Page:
former prisoners of war and notify them of regulatory changes. He argues that, "because the DVA was directed specifically to perform a function by statute, namely to seek out the former POWs, there was no element of judgment or choice involved, thus, there was no discretionary function." (Plaintiff's memorandum in opposition to defendant's motion to dismiss at 7.)
The statute provides that the administrator "shall, to the maximum extent feasible . . ., seek out former prisoners of war and provide them with information regarding applicable changes in the law . . ." Plaintiff contends the language "seek out . . . and provide . . . with information" is a specific and mandatory directive for the DVA to contact former POWs individually by sending or mailing them the information. The language of the statute does not support that interpretation. By qualifying "seek out . . . and provide" by "to the maximum extent feasible," Congress explicitly left it to the DVA to decide the manner and means of carrying out its directive.
Nor does the legislative history of the POW Act support the view that Congress intended to direct the DVA to carry out the task of informing former POWs in a specific manner. The House of Representatives bill was the one that was passed, and the House Report, No. 97-28, set out separate recommendations for identifying the former POWs from VA records and for publicizing the changes. However, it failed to recommend that an effort be made to contact the former POWs individually; instead, it recommended other means of publicizing the benefits of the POW act.
In the final bill neither recommendation was included. Congress was evidently more concerned with substantive changes in the law than with the administrative details of publicizing the benefits. Those were left to the administrator "to the maximum extent feasible."
The statute could have specified that the administrator shall make an effort to contact former POWs individually, but it did not; nor did it prescribe any specific course of action, as did the statute in Berkovitz, which specified that licenses could be issued "only upon a showing that the establishment and the products . . . meet standards . . . prescribed in regulations . . . ." 42 U.S.C. § 262(d). This is not a case like Berkovitz, where the government action violated "a specific statutory and regulatory directive." Berkovitz, 486 U.S. at 542-43. The statute in this case provides no guidance as to how the administrator is to "seek out . . . and provide . . . with information" the former POWs, nor does it provide any standards for compliance with this directive as it did in Berkovitz. It merely says that the administrator is to carry out the task "to the maximum extent feasible." That language directs the administrator to exercise his judgment in deciding how to get the job done.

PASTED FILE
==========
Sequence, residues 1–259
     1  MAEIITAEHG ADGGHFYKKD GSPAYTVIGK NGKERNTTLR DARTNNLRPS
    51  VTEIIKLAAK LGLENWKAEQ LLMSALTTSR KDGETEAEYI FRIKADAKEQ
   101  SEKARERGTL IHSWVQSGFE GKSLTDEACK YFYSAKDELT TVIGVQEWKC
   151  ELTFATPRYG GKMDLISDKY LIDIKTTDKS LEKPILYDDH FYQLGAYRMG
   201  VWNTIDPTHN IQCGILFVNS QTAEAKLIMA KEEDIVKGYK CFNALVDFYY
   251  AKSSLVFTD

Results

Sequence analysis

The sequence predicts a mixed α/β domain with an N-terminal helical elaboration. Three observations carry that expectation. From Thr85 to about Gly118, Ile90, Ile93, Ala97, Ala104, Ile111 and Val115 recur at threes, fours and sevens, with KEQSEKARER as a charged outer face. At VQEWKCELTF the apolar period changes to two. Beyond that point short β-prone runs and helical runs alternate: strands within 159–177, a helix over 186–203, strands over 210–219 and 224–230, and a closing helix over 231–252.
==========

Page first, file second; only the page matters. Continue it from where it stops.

This case is much more like Powers, in which the statute provided that the director of FEMA "shall . . . take such action as may be necessary in order to make information and data available to the public." 42 U.S.C. § 4020. In both cases, Congress "has given the [administrator] discretion to decide when and how best to make information and data available." Powers, 996 F.2d at 1125. In both cases, the administrator "must make these decisions and act without reliance upon a fixed or readily ascertainable standard." Id. In Powers, the court held that the administrator's decision "clearly involves an element of judgment or choice and therefore involves the exercise of discretion." Id. The challenged action in this case similarly involves the exercise of choice or judgment in deciding how best to inform former POWs of the changes in the law within the limits of feasibility.
Plaintiff contends that the phrase "seek out" required defendant to do more than it did. He argues:
No reasonable person would agree with the Defendant that publishing a pamphlet which was not even sent to known individuals affected, and which failed even to mention the specific regulatory changes, constitutes "seeking out" former POWs. No reasonable former POW who had undergone the terror and deprivation of captivity would agree with the DVA that publishing a pamphlet for display purposes was a reasonable response to the congressional mandate.